A time map is a visual representation of your entire work schedule and activities. By looking at your time map, you'll know exactly where you are at any point of the day and what to do next.
The time mapping technique involves collating and categorizing all your activities - both work and personal - in a signal place. This way, you're creating a system that guides everything you do.
You can create a time map using a spreadsheet or pen and paper. Some time management tools can also help you create time maps.
After listing out your activities, create a time block for each, then categorize them according to type and urgency using color codes.
The Pomodoro Technique
You can get rid of the temptation to procrastinate by using the Pomodoro technique. It involves working in 25-minute cycles and taking 5-minute breaks after each cycle. Each work cycle is known as a pomodoro.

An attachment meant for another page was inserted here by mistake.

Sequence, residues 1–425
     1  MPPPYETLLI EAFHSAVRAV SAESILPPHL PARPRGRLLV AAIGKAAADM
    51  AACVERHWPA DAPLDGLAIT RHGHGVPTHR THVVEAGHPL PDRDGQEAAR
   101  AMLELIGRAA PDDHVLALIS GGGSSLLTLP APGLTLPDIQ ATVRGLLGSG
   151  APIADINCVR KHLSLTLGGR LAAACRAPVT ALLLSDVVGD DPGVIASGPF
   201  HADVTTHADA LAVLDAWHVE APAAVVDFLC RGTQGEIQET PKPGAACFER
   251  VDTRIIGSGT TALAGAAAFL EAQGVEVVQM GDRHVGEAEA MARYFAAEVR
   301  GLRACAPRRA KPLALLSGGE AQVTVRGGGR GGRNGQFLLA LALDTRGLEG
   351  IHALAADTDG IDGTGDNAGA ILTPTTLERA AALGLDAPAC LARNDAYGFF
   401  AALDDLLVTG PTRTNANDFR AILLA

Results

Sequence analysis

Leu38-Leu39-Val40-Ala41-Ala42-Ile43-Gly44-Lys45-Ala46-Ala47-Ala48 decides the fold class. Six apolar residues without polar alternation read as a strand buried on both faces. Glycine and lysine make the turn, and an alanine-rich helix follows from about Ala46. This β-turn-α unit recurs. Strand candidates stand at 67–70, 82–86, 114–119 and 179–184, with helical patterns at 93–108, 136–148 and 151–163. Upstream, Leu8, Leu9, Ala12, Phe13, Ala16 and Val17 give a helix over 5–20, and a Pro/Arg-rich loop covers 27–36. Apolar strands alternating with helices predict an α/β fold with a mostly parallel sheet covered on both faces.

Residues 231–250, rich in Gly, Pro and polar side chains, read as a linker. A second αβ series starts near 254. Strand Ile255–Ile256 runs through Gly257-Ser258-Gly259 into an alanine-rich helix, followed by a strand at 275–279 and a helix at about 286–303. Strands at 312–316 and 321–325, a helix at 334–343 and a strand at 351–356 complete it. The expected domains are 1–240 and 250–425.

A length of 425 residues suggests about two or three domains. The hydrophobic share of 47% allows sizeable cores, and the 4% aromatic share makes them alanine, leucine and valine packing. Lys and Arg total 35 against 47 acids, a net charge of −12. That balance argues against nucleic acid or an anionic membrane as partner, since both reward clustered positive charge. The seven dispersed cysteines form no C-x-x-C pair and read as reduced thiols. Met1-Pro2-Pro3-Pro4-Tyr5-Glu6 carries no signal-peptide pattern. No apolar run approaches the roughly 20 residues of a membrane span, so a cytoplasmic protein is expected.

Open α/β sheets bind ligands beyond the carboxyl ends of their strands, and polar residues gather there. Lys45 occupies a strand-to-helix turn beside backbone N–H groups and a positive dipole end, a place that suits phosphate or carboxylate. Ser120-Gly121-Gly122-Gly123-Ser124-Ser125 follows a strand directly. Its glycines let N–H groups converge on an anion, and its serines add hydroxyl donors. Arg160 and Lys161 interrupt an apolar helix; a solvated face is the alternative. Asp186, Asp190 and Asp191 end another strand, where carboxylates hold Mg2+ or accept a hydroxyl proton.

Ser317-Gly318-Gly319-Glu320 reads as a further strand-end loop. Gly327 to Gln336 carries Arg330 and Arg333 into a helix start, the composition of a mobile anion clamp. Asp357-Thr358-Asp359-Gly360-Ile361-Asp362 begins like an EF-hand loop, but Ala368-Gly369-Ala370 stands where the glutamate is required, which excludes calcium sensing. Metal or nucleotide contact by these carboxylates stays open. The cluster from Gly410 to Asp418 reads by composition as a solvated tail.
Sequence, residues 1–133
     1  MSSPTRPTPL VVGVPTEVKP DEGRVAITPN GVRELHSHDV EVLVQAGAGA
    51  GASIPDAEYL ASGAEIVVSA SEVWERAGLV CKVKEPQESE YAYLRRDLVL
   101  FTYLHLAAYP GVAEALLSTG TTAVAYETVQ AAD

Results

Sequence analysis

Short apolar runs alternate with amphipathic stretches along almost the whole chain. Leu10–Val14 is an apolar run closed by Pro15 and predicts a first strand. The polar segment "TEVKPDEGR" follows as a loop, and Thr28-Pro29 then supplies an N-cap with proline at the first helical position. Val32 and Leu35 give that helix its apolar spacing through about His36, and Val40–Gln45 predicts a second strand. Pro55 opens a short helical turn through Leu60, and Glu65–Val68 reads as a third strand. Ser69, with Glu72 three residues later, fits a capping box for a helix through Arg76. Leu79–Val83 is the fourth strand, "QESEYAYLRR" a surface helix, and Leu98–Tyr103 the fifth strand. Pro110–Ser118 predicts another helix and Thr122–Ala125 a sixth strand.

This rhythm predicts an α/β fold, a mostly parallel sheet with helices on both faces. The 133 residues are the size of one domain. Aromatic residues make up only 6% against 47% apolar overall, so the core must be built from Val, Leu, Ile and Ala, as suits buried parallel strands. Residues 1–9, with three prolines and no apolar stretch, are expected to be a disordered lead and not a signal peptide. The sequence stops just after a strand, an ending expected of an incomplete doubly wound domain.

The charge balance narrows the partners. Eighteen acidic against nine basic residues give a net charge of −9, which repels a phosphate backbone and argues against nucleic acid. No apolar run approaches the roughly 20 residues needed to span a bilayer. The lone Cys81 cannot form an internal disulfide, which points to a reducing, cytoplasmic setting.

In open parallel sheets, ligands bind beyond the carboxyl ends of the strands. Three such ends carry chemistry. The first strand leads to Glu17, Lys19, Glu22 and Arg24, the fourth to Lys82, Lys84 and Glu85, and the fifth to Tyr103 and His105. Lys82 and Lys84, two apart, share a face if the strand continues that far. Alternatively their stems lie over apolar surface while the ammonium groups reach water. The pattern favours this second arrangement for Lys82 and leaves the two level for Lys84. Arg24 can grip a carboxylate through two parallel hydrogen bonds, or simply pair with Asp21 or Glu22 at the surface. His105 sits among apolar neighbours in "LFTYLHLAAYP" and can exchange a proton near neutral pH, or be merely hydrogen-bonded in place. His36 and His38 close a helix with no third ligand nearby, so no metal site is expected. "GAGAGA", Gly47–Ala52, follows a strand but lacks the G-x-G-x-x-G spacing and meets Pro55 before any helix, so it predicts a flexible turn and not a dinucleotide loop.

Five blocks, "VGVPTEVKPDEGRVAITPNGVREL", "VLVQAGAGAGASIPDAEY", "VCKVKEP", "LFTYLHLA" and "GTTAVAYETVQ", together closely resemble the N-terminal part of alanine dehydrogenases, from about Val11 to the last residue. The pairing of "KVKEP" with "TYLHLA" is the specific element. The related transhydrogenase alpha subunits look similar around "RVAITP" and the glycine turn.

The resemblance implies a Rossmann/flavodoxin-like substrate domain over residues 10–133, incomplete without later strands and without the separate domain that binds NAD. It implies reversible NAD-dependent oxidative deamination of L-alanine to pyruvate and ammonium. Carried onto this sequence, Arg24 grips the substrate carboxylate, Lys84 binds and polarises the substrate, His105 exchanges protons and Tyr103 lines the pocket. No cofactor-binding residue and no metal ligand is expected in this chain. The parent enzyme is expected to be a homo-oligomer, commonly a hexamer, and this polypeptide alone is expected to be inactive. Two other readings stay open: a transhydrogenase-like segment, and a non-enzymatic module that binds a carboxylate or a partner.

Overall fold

After going through four pomodoros, you can take a longer break of about 20 to 30 minutes.
To properly implement the technique, you'll need a timer that alerts you to stop working after 25 minutes, then you can set it to alert you to start work again after your 5-minute break.
You can easily use your phone's alarm or download one of the numerous tools online that support the technique.
Use Task Prioritization Techniques
You won't be able to achieve anything meaningful if you don't prioritize your tasks correctly. Knowing the right time to handle specific tasks means you won't have to spend long hours to make your day successful.
So, when writing out your to-do list, take note of tasks that are important, urgent, and non-essential, then determine what to do with them.